Spencer: The sport has come such a long way over the last 20 years, but I do believe we have much more to do. This to me was a perfect example of the fact that, yes we are on the world stage now, but the stage can and should keep growing. What better way to introduce people (and athletes) to new cultures, through sport.
ST: What strengths you will bring to this endeavor?
Spencer: I believe experience and also passion. I have been in the sport for 27 years now and it has really help shape the person I am today. When you are an athlete and then a coach you learn to love the success and live with and learn from disappoints. Throughout my career I have dealt with all of that and then some.
ST: After such a great career, what were your feelings about retirement? Any regrets? What are you most proud of?
Spencer: Hindsight is a beautiful thing but the one thing I wanted to do when I retired was continue to love the sport. I have done that. I am not bitter about what I didn’t accomplish but certainly I am disappointed that I did not perform to my potential in Hawaii.
ST: What might your dad say about this assignment?
Spencer: My dad was always so very proud of the way I performed, win or lose. If he were here today alongside me he would be driving the bus for sure. He was a huge character and hopefully some of that has rubbed off on me.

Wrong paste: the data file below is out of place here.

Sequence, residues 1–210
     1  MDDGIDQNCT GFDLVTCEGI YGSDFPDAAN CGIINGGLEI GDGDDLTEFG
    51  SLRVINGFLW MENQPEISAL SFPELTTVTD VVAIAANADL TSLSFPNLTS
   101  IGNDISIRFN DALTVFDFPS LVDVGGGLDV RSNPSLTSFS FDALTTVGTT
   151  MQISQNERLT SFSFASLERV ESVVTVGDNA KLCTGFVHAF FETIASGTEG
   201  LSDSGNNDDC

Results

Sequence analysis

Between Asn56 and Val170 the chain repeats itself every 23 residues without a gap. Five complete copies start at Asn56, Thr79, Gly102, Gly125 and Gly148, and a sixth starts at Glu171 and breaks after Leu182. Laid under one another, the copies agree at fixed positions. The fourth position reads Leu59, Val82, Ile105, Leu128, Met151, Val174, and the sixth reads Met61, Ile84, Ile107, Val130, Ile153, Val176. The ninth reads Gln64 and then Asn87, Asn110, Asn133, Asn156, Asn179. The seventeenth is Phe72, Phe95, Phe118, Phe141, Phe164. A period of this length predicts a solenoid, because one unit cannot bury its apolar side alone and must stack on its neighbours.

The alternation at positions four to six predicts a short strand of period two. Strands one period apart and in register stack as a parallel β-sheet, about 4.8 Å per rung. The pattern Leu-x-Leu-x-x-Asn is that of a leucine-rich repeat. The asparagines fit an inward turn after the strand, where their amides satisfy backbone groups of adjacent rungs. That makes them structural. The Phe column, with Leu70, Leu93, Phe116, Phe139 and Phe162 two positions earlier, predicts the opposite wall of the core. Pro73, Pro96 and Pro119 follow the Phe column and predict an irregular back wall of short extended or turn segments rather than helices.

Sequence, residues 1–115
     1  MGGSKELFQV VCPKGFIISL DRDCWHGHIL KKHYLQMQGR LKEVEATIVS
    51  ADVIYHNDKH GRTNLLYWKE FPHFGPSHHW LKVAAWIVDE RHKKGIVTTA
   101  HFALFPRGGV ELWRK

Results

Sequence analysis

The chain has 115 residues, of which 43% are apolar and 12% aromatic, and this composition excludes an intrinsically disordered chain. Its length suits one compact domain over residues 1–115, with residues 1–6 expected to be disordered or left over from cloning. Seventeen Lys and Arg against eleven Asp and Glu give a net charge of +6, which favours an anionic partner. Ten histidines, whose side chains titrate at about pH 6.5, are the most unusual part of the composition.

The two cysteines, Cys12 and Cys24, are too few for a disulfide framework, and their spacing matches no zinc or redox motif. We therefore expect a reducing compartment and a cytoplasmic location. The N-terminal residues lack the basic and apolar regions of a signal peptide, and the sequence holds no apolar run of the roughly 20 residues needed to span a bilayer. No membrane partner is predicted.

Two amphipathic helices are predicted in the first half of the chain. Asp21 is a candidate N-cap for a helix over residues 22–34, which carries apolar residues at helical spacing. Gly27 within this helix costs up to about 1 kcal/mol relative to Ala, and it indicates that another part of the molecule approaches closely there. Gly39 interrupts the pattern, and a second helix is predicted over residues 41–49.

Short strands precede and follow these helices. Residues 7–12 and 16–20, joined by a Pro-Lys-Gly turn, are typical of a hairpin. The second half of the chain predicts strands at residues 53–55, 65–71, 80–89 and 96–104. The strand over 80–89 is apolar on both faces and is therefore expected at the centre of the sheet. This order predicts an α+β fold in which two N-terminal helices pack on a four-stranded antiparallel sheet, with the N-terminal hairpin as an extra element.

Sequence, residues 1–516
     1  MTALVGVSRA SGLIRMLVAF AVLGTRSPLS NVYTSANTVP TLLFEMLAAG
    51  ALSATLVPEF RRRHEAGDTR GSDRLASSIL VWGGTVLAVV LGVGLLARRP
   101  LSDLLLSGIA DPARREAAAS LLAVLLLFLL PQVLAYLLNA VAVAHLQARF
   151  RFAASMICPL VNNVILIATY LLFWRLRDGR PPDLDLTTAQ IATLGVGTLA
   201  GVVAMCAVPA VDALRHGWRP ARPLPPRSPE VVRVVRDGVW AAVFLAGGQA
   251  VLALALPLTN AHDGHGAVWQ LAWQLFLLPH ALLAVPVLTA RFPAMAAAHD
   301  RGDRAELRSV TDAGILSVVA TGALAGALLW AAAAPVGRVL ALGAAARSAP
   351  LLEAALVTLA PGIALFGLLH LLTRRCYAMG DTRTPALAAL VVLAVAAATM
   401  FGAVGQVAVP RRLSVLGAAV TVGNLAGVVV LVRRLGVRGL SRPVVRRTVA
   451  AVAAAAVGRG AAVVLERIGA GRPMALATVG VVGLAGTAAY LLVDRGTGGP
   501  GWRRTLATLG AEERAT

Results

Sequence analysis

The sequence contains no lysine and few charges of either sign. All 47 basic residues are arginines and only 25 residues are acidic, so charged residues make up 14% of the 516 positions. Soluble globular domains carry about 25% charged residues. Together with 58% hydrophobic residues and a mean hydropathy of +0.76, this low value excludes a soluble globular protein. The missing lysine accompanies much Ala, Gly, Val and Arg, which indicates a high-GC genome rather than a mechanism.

ST: Ghana has had four Olympic medalists – three in Boxing and one in football. Geographically it is on the equator in West Africa, which generally speaking harbors a population of highly-muscled, fast-twitch sprinters rather than the slender endurance kings of East Africa in Ethiopia and Kenya. What might be your recruiting pitch to a population that is mad about boxing and soccer?
Spencer: Gaining awareness is key. I am holding a number of free clinics whilst I am over there, culminating in a race at the end of the week. If I can walk away with just one person falling in love with this sport, I have achieved something. Yes, it is true the country is mad for both boxing and soccer BUT coming from England, a country mad for football, we were still able to produce World and Olympic Champions. Why not Ghana in the future?
ST: How might you go about finding funding for the bikes, swimsuits., running shoes and perhaps heart rate monitors and gym equipment for your elite teams?
Spencer: We are going to need help from the private sector, as money at the moment is very limited. We will indeed be asking companies for the basics (equipment etc) due to the fact that as of right now we have very little. We would appreciate any help that is available.
ST: Would you be keen on using modern digital power and heart rate monitors? Or would you rely on old school perceived exertion and feel?
Spencer: I think you have to look at the current situation, and our number 1 goal right now is to get participation and awareness up. Once people start to understand the sport at a basic level and hopefully see and feel the benefits it has to offer we then start to get more technical. Let’s start at a grass roots level and build from there.